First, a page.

Products > Crystallization Screens > Grid Screens > Grid Screen Sodium Malonate

Grid Screen Sodium Malonate


  • Primary or secondary, Sodium malonate versus pH grid crystallization screen for biological macromolecules


  • A systematic grid screen varying Sodium malonate concentration versus pH
  • Samples pH 4 to 7
  • Samples six concentrations of Sodium malonate
  • Precise pH versus Sodium malonate screen
    • pH adjusted after salt addition; 25°Celsius
  • Combine reagents between rows or columns to create expanded grid screens


Grid Screen™ Sodium Malonate is a preformulated reagent kit designed to provide a rapid screening method for the crystallization of biological macromolecules.

The screen is simple and practical for finding initial crystallization conditions as well as determining the solubility of a macromolecule in Sodium malonate between pH 4.0 and 9.0.

Grid Screen Sodium Malonate (HR2-247) evaluates Sodium malonate at six concentrations (1.0, 1.5, 1.9, 2.4, 2.9, 3.4 M) versus four pH levels (4, 5, 6, 7).

Grid Screen Sodium Malonate consists of 24 unique reagents, each supplied as 10 milliliter in sterile, screw cap tubes. Ready-to-use reagents are sterile filtered and formulated with ultra-pure Type 1 water, using the highest purity salt. Individual reagents are available through the Hampton Research Custom Shop.




Grid Screen Sodium Malonate


10 ml, tube format



Support Material(s)

Related Item(S)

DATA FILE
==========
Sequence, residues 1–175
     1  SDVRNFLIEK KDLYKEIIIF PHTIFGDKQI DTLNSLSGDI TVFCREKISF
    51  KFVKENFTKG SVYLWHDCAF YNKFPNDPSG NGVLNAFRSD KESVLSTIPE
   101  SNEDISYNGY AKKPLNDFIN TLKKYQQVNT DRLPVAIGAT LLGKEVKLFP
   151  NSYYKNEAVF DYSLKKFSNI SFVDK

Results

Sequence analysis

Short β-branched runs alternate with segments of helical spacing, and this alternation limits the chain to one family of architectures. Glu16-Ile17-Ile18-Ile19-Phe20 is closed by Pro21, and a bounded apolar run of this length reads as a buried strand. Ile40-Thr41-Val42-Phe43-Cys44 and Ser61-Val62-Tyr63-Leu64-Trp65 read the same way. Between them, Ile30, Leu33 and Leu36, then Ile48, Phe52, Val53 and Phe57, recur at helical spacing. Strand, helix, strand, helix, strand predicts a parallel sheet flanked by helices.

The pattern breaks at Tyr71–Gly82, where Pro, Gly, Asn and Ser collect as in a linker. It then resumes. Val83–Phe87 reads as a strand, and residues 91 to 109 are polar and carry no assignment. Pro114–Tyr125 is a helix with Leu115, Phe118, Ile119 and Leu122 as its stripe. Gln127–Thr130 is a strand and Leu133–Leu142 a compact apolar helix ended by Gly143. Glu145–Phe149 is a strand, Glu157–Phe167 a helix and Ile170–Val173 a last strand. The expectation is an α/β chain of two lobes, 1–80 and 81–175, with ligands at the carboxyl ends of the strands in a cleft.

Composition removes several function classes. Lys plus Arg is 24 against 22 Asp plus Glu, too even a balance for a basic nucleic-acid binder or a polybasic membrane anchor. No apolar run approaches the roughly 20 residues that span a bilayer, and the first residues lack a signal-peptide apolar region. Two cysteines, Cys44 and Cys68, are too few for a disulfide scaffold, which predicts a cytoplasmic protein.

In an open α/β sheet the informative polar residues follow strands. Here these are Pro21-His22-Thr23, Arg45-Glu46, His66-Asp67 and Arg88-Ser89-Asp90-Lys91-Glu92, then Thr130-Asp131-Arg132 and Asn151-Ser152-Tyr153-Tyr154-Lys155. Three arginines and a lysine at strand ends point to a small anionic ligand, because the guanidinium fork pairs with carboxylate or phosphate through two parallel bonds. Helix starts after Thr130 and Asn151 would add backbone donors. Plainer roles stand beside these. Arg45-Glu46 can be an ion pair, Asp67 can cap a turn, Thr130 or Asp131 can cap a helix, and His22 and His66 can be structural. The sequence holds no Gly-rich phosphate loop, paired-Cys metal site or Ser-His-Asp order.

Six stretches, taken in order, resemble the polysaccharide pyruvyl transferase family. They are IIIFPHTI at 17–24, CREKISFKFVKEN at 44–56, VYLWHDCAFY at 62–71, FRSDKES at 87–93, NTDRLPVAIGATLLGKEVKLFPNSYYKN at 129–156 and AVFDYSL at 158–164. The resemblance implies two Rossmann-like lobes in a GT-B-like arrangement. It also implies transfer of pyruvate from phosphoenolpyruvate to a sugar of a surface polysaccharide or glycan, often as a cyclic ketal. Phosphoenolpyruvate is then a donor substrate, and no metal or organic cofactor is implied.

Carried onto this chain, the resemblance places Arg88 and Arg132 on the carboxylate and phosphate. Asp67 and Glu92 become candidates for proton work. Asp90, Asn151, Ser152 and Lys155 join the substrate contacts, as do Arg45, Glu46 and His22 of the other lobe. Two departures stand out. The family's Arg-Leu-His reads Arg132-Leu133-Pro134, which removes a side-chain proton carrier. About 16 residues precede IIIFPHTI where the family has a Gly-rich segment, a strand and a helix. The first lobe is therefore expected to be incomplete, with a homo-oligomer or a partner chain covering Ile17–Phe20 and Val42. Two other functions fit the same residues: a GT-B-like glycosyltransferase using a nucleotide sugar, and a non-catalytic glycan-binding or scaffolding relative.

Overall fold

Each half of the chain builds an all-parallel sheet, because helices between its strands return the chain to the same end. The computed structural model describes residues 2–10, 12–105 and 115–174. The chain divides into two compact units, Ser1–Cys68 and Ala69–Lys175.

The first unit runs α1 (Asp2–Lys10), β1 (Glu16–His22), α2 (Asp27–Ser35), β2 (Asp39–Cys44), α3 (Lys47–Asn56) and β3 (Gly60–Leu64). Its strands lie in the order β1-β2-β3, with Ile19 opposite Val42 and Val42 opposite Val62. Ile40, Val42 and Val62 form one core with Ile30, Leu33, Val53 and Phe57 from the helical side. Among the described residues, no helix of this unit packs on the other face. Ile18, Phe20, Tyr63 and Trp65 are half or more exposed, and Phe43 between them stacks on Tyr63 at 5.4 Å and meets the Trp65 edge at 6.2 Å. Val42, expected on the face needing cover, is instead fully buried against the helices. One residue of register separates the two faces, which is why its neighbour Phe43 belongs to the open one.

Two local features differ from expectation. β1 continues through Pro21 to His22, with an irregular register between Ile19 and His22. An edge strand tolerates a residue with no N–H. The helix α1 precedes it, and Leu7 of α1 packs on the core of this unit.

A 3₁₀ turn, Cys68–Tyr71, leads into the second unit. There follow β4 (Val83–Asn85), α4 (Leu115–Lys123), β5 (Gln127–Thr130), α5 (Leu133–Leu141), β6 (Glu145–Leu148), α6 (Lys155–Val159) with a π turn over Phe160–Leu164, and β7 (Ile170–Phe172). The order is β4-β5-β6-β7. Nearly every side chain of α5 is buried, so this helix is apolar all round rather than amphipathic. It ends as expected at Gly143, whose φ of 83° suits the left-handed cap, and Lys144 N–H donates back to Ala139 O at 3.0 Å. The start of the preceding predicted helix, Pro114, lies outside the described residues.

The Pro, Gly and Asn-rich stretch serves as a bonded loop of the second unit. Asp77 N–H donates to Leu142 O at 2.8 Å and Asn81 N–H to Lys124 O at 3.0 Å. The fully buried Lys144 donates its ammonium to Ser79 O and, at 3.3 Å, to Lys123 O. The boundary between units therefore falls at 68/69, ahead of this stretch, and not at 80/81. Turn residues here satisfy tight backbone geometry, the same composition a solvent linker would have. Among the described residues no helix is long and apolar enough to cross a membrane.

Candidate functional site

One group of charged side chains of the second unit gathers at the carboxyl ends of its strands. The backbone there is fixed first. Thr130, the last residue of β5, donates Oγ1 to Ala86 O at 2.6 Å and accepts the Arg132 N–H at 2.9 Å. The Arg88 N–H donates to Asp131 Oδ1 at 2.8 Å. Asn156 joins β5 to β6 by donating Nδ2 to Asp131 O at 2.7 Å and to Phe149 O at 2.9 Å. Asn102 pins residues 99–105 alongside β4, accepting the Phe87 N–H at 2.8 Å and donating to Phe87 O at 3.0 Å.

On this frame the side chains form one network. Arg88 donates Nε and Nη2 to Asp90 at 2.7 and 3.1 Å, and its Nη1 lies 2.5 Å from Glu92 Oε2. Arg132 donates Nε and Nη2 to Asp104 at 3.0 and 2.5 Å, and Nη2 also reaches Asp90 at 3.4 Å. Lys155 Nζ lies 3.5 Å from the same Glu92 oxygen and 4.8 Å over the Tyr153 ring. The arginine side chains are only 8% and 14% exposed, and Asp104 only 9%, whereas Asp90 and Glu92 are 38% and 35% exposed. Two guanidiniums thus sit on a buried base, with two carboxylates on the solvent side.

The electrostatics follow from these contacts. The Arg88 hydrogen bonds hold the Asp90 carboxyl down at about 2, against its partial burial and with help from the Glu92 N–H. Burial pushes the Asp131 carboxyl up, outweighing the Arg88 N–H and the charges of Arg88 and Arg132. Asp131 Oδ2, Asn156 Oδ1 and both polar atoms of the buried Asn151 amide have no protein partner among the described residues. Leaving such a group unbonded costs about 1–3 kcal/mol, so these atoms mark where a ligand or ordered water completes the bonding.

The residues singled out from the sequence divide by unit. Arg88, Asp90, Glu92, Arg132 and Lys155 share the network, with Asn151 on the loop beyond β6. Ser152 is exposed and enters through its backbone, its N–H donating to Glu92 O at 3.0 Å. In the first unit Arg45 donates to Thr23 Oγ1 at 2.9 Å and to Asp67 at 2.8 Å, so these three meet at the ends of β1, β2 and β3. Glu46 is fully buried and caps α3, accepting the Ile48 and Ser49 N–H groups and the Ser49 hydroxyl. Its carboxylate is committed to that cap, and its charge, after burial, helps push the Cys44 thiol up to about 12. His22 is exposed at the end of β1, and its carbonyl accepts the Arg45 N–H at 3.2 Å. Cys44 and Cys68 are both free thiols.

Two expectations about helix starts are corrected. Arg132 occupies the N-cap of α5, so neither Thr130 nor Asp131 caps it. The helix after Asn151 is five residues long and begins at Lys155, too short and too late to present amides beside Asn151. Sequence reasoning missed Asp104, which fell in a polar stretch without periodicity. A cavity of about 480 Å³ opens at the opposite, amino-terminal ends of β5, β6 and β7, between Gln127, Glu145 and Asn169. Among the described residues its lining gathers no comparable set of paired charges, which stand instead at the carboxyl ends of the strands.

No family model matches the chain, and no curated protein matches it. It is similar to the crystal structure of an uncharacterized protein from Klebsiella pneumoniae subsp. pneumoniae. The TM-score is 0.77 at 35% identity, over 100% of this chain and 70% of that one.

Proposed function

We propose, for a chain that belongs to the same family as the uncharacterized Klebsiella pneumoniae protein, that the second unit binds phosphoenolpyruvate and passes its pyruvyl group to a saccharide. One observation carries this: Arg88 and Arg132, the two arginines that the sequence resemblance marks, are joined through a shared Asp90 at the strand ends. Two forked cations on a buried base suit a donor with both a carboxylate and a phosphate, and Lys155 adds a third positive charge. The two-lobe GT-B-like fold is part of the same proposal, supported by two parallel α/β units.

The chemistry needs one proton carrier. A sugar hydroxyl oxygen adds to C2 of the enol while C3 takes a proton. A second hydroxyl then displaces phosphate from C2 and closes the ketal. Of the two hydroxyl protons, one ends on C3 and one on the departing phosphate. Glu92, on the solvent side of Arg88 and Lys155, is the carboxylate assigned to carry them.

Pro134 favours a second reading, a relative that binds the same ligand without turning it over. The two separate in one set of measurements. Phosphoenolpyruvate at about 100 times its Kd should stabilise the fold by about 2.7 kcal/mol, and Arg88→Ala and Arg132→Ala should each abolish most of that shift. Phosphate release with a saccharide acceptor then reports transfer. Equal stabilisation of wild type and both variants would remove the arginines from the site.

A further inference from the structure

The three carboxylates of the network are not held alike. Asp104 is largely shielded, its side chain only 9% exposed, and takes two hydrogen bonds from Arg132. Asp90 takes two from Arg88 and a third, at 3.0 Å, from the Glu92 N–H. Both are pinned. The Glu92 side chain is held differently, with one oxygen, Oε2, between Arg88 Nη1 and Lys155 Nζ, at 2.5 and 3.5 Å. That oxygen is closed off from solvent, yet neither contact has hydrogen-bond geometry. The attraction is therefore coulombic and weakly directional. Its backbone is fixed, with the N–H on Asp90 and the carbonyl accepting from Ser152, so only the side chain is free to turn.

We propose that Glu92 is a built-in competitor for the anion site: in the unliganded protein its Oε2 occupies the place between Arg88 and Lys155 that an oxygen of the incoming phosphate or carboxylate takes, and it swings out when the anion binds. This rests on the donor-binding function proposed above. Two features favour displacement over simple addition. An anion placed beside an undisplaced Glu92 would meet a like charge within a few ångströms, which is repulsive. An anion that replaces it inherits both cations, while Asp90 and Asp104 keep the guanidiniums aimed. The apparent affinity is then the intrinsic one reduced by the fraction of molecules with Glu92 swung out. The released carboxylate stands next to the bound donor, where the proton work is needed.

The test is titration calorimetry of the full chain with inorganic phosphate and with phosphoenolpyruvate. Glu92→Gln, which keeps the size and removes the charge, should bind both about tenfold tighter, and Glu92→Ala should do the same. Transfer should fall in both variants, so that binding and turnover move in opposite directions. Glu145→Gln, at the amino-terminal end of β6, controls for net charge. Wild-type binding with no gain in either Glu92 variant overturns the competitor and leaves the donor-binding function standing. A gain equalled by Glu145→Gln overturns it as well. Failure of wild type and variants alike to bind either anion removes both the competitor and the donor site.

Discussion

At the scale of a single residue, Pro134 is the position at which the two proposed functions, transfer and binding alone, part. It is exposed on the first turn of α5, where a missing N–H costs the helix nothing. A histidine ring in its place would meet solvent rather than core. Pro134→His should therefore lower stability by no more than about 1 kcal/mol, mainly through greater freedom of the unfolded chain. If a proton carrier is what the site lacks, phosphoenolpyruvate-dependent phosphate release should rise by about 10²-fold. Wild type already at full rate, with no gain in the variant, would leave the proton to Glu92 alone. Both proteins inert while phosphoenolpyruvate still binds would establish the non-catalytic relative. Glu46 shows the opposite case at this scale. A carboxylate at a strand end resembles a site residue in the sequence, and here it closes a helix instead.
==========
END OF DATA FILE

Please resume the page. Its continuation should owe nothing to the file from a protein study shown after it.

1. Advance in Protein Chemistry Volume 41. Pages 1-33 (Patricia C. Weber). Academic Press, 1991.

2. Crystallization of nucleic acids and proteins, Edited by A. Ducruix and R. Giege, The Practical Approach Series, Oxford Univ. Press, 1992.

3. Current approaches to macromolecular crystallization. McPherson, A. Eur. J. Biochem. 189, 1-23, 1990.

4. Protein and Nucleic Acid Crystallization. Methods, A Companion to Methods in Enzymology, Academic Press, Volume 1, Number 1, August 1990.

5. A protein crystallization strategy using automated grid searches on successively finer grids. Patricia C. Weber. Methods: A Companion to Methods in Enzymology Vol. 1, No. 1, August, pp. 31-37, 1990.

6. Analysis of the human cofilin 1 structure reveals conformational changes required for actin binding. M. Klejnot, M. Gabrielsen, J. Cameron, A. Mleczak, S. K. Talapatra, F. Kozielski, A. Pannifer and M. F. Olson. Acta Cryst. (2013). D69, 1780-1788.

7. A comparison of salts for the crystallization of macromolecules. Alexander McPherson. Protein Science (2001), 10:418-422.